Note: This post represents the synthesis of the thoughts, procedures and experiences of others as represented in the 8 articles read in advance (see previous posts) and the discussion among the students and instructor during the Advanced Analytic Techniques class at Mercyhurst University in March 2013 regarding News Analysis specifically. This technique was evaluated based on its overall validity, simplicity, flexibility and its ability to effectively use unstructured data.
A vaguely defined technique that includes the analysis of news in some way but generally relies on an established analytic technique such as sentiment or content analysis.
1. Fast way to find information on a topic of interest.
1. Technique is not well defined.
2. New sources can be skewed by whether one is left or right leaning politically.
3. The analysis of the news sources can be biased by the analysts inherent biases on the proposed topic/personal experiences.
4. Articles affected by high emotion.
5. Extremely affected by circular reporting.
6. Just examining news sources is not an effective approach to creating accurate. intelligence estimates.
7. Difficult to approach or carry out due to the lack of structure.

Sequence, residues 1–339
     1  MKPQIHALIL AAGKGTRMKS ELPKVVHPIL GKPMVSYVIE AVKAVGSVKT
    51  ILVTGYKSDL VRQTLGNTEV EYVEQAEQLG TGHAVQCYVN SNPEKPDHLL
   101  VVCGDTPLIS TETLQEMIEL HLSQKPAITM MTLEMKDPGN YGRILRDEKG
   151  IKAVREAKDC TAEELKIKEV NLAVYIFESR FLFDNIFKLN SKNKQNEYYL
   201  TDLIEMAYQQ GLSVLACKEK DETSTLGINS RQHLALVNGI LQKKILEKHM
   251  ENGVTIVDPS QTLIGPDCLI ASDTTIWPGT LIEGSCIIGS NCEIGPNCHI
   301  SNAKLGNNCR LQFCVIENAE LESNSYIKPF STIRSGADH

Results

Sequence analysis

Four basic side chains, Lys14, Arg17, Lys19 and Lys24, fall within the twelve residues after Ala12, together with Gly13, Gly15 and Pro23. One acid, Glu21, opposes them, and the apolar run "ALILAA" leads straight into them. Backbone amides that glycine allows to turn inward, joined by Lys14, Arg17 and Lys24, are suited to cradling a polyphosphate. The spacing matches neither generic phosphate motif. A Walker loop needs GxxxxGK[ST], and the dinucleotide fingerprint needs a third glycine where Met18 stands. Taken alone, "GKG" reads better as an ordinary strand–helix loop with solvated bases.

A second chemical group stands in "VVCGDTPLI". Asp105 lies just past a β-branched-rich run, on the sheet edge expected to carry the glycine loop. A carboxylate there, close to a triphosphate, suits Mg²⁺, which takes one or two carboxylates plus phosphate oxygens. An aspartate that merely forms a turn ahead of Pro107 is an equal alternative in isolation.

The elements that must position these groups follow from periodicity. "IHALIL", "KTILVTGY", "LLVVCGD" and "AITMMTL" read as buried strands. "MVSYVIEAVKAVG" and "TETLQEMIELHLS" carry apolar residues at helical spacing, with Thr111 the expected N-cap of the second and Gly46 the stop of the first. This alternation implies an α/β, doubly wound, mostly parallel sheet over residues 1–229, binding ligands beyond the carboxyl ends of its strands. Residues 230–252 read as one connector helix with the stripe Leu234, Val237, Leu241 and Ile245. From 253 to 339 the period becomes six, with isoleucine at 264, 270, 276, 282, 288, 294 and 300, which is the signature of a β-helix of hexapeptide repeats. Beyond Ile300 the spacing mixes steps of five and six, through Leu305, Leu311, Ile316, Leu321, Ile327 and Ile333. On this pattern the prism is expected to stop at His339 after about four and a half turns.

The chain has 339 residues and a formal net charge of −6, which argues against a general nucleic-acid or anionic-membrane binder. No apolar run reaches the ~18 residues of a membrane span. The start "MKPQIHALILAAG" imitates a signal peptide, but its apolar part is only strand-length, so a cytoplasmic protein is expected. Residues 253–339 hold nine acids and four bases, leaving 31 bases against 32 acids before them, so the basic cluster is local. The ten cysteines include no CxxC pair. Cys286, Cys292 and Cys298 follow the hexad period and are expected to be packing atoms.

8. Produces estimates of low analytical confidence.
Step by Step Action:
1. Analyze a specific topic utilizing news articles from various publishers.
2. Determine whether information related to the topic can be corroborated between the sources.
3. Produce an estimate based on information found.
4. Provide the analytic confidence for the findings.
Provided the class with a topic to research using only online news sources. The question was, “ Has the U.S. government been training Syrian rebels?” The class was given ten minutes to research the topic. Then as a class we discussed our findings to the proposed topic. We discussed whether news analysis is an effective tool to provide reliable intelligence estimates and what does the term “news analysis” really mean.